You’ve heard it before, and you’ll hear it again: garage sales and estate sales are fantastic places to purchase antique and vintage pieces at better-than-bargain prices. But while similar in concept, an estate sale offers an entirely different experience.
A person hosting a garage sale is vending a limited selection of their own items, while sellers at estate sales are vending on behalf of a client who is looking to clear the house, typically before it goes on the market. For that reason, there’s a different protocol to learn in order to be successful at an estate sale. Here are some tips to keep you ahead of the game.
1. Plan Your Day
Most event dates, times and locations are posted on estate sale websites or Craigslist, so research sales in your area before you plan your weekend. Driving out of town may be worth the bargains, as well-established communities with older populations are more likely to yield higher quality vintage items. Simply getting in your car and looking for a sale last minute may not get you there at the optimal bargain time.
2. Pick a Time
The first day of the sale is the best for selection, particularly furniture. Arrive half an hour early, so you can be in the first group of shoppers and have your pick of items. However, note that the sellers may not budge on pricing the first day. The last sale day is optimal for bargain prices, with deals getting better as the day comes to a close. Estate sales are typically “everything must go” affairs, so you may find an overlooked gem and get it at half the original cost.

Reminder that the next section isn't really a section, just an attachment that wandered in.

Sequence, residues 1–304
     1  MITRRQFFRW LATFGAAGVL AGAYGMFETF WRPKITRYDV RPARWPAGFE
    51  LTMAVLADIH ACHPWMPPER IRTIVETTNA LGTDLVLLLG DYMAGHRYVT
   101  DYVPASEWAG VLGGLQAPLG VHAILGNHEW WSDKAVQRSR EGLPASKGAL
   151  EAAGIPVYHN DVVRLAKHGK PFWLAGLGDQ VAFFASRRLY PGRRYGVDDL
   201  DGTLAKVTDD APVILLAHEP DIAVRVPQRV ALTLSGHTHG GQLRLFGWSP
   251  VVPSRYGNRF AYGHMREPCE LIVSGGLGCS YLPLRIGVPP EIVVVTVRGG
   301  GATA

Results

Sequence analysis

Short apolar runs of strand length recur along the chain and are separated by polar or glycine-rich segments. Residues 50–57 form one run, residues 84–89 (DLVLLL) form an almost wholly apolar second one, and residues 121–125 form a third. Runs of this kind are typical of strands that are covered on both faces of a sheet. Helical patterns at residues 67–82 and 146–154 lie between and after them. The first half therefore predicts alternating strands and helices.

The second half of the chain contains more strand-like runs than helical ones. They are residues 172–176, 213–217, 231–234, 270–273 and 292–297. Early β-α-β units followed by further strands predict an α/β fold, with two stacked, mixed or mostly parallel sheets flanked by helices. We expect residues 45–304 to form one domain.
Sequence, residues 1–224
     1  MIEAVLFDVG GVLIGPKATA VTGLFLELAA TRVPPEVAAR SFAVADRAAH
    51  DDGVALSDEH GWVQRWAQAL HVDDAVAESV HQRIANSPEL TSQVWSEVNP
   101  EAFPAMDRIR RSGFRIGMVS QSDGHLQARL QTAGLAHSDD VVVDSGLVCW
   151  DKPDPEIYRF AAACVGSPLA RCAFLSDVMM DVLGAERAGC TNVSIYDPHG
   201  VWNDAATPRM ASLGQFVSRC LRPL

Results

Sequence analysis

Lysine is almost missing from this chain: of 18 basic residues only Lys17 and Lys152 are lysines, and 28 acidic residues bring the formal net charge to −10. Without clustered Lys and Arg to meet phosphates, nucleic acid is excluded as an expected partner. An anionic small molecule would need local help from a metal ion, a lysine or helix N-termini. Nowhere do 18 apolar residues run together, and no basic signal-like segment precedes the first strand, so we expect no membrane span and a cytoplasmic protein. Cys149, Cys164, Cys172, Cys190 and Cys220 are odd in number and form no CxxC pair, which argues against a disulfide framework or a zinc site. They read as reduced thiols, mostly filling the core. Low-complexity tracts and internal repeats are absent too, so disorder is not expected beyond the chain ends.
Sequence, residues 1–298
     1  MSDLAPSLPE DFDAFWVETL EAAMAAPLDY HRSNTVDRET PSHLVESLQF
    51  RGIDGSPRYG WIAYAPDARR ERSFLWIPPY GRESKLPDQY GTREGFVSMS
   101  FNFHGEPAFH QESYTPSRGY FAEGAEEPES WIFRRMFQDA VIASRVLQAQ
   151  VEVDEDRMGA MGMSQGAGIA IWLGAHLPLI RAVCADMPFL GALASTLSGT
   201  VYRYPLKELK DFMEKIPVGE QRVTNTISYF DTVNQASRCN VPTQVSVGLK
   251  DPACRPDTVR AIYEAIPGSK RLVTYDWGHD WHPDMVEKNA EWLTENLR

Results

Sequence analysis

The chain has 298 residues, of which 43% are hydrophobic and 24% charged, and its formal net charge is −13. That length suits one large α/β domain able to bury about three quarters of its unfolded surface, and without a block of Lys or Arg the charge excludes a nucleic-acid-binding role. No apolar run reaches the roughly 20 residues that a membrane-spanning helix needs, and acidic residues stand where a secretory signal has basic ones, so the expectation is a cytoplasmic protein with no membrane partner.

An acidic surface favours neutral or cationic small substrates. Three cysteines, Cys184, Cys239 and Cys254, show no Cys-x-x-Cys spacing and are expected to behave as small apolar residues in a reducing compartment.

3. Research Prices
If this is your first time at an estate sale, it can be difficult to know whether the price tag is a deal or a rip-off. Research items that you’re looking for to get a sense of the average price before you start shopping. That way, you can know whether to wait until the last day or snatch it up right away. It’s also a good idea to shop year-round to get a sense of regularly priced items versus a deal.
4. Know Your Brands
If you’re particular about your brands, learn their marks and logo, so you know how to spot a fake while shopping. This way, you don’t have to rely on the word of the seller.
5. Be Polite
Estate sales are, in a way, high-end flea markets, and it’s not as simple as offering a lower price for an item. Usually, professionals are doing the selling for the family, and you could offend by trying to bargain. Instead, test the waters by asking if the price is the best they can offer, and they’ll let you know if they’re willing to budge.
6. Bring Cash
While some places take credit cards, it’s always best to ask up front and bring cash just in case. You’d hate to lose a treasure just because you didn’t have the proper means to pay!
7. Test Electronics
Always test any electronics before you purchase them, including vacuums, blenders, fans, lamps, etc. While they may not be intentionally selling you something that’s broken, sellers don’t always have time to test them before a sale, so that becomes your responsibility.
8. Bring a Large Car
You never know what you might find at an estate sale, so even if you’re just looking for some small kitchen items, be prepared in case you fall in love with a furniture piece.
9. Bring a Measuring Tape
Sizing is tricky, and it’s always best to be 100% sure something will fit before you buy it, so bring a measuring tape. Don’t trust yourself to estimate correctly, as most estate sales don’t allow returns.
10. Don’t be Shy
Don’t forget to ask about out-of-the-way places like garages, backyards and attics. There may be some treasures hidden where no one else is thinking to look!